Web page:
Strange things are at play in the world of the sea, and Ruka and Umi seem to be at the heart of this mystery. While Children of the Sea could have very well established itself as a race-against-time adventure of discovery and world-saving (and romance?), it instead develops much more organically, evolving its story in unexpected directions at a gradual, contemplative pace. Information about who Umi and Sora are, about what the ghosts of the sea are, about the histories of various support characters, about where any of this is going—it all trickles in while the reader is busied with absorbing the beautiful seascapes with Ruka. The series seems to have at stake various questions of identity and an exploration of the human/animal place in the universal scope of things. As well, author Igarashi contemplates a cyclical cosmology centralized in the songs of whales and some maybe-not-unrelated reincarnative processes. I adore comics when they are willing to go beyond mere plot-driven entertainments and trawl in more critical depths. This is part of why The Nao of Brown and Duncan the Wonder Dog are two of my favourite comics of all time—and I’m happy that Children of the Sea can make a home in that category as well.
Visually, Children of the Sea offers readers an illustrative feast—double-page spreads of whales, rays, turtles, schools of fish that impress through their sheer cinematic scope. Igarashi uses an unpolished (perhaps gesture-based?) style of drawing that breathes life and sensuality44Not in the sexy sense of sensuality that people like to use to describe why a film might be PG-13. More in the sense that his drawings exude a luscious kind of vitality. into characters and situations. His people aren’t just cartoon sketches; their dimensional presence (as rendered by Igarashi’s homegrown technique) is essential in conveying the naturalism required by his ambitious story direction. Igarashi tempts us to approach Children of the Sea in order to absorb it and be absorbed by it—to find a certain spiritual unity with the work—and the art assists this aim immeasurably.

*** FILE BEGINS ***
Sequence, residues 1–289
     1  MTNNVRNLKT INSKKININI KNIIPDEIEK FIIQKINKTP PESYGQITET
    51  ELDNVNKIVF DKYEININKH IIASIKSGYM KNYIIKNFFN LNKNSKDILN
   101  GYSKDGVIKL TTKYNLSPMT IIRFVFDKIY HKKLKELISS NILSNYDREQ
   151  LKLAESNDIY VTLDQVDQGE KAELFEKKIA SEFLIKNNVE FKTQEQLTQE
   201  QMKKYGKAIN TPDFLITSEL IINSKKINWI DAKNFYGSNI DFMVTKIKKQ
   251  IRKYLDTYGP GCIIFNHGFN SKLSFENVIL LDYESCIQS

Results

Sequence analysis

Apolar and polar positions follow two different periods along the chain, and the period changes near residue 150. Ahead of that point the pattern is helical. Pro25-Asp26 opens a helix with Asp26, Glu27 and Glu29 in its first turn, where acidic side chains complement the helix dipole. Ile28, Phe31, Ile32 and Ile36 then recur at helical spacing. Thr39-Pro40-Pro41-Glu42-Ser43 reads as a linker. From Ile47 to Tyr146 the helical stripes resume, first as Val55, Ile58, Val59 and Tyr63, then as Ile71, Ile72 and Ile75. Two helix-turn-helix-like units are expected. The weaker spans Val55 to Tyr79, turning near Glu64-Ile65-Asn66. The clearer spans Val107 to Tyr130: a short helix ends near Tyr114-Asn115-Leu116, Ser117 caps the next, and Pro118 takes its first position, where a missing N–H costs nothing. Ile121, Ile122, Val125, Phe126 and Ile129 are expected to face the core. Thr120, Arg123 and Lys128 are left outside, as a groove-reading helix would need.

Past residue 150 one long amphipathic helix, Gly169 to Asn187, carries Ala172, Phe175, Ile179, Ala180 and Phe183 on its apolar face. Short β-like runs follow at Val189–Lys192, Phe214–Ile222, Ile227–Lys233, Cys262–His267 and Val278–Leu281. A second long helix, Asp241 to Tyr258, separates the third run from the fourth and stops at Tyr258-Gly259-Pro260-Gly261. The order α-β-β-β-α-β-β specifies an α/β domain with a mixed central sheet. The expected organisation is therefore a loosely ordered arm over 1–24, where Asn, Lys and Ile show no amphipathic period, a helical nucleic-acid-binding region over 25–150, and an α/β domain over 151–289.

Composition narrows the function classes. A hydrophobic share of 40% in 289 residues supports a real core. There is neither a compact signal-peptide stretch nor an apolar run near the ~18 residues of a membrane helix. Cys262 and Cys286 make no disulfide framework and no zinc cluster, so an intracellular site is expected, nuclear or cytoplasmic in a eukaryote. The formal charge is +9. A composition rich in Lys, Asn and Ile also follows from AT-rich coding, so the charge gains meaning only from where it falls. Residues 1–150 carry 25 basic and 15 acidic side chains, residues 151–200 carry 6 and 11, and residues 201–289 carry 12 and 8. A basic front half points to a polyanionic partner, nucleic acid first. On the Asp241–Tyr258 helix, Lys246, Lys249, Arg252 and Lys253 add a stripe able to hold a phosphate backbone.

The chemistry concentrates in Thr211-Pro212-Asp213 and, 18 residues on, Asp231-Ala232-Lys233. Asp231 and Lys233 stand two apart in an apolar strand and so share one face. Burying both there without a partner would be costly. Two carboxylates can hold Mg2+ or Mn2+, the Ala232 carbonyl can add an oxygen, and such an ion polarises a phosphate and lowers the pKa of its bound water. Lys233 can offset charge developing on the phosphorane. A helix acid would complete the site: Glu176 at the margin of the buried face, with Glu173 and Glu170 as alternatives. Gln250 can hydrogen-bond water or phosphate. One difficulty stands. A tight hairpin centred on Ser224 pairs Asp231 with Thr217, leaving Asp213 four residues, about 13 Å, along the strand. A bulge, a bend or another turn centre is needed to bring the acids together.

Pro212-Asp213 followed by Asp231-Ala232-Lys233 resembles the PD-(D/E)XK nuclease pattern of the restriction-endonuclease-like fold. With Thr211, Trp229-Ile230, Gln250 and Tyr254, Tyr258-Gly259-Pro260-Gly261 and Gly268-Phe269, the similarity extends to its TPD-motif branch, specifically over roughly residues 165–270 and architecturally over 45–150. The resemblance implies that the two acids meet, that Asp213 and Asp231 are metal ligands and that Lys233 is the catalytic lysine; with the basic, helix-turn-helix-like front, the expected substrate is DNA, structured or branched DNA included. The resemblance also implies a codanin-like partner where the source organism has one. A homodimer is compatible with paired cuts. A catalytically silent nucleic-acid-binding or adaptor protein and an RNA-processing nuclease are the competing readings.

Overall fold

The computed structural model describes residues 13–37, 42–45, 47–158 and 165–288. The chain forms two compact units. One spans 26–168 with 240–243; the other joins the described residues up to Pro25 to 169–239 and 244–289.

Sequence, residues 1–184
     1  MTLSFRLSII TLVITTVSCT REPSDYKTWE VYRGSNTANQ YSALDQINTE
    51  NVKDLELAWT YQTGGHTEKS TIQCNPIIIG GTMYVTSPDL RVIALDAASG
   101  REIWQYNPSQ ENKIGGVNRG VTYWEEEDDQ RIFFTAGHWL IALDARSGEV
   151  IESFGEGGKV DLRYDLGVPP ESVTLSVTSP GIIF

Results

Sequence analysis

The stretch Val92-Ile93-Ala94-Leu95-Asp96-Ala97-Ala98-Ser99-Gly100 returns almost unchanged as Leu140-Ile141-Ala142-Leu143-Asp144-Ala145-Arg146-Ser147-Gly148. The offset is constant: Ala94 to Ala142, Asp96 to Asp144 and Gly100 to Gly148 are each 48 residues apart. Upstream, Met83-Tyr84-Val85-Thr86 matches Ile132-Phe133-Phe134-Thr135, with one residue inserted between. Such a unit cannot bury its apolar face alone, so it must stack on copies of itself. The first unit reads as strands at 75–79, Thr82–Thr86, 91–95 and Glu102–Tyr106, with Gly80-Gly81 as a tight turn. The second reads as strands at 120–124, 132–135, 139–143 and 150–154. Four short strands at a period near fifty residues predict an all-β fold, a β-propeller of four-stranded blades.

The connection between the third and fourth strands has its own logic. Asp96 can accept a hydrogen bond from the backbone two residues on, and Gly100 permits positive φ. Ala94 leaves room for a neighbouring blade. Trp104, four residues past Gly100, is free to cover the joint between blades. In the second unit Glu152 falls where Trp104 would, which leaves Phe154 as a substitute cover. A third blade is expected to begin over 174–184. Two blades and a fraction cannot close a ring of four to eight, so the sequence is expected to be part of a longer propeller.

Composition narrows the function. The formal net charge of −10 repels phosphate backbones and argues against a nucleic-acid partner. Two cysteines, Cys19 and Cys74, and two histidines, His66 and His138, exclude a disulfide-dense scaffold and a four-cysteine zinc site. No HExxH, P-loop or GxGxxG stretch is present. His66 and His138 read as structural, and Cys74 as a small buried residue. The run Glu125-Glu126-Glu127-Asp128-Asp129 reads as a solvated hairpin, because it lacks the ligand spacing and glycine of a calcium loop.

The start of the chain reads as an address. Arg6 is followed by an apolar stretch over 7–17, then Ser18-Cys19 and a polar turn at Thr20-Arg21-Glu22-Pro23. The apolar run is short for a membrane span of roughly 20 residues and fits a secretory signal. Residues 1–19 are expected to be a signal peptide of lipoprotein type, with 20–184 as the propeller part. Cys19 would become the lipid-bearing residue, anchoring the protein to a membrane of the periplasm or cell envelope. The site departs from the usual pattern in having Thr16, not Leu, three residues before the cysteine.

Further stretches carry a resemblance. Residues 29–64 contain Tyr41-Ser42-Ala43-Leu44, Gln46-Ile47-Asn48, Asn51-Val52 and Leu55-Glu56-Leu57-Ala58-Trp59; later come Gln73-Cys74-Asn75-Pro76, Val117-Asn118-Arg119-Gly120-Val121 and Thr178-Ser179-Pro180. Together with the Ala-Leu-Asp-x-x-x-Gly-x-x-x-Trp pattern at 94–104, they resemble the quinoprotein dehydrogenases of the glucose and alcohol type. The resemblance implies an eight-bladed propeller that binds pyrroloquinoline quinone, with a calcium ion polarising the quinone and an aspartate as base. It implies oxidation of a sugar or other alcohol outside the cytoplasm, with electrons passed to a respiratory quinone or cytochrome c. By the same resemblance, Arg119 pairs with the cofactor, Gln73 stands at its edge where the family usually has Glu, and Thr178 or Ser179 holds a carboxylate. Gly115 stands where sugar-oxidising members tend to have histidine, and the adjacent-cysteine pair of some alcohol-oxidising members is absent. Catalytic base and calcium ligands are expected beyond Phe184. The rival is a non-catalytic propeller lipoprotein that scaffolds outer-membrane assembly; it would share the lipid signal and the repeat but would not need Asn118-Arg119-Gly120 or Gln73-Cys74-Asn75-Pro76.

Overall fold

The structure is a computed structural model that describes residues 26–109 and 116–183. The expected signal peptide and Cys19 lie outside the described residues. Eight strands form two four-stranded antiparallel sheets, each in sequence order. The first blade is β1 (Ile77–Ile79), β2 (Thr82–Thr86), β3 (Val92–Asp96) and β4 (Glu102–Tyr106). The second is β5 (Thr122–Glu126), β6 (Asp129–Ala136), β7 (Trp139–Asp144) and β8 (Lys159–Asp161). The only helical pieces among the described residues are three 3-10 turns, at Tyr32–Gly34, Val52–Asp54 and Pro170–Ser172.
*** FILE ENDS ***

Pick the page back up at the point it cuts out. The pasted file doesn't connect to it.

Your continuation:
Easily the place where Igarashi’s illustrations are most powerful is in his depiction of the seas and the lives and worlds they hold. His seascapes are lush and the variety of sealife he grants panel time is extraordinary. He draws his protagonists, each of whom have extraordinary capacities for undersea maneuvering, engaged in a near constant ballet with their aquatic hosts. It’s delicate and lovely and foreboding. I don’t know if you’ve ever swum55Just a petty note: swum may be the stupidest-sounding word in the English language. Thank you. over deep waters, but even confident swimmers are often overcome by dread of the fathomless depths yawning darkly open beneath. The sea, for all its strange unknowableness, truly strikes the human creature with awe. And Igarashi captures the smallest fraction of this terror in his art (which is more than most any other artist I’ve encountered). It’s the kind of feeling I think Lovecraft tries to feel his way toward when he describes the madness-inducing horror of his cosmic things. Or maybe it’s Moses, peeking out from behind the rock at Yahweh’s hindparts. In any case, that awe, terror, respect, and horror are present in Igarashi’s illustrations—and I’m so grateful to have encountered a book that is able to convey at least some small measure of this way of seeing.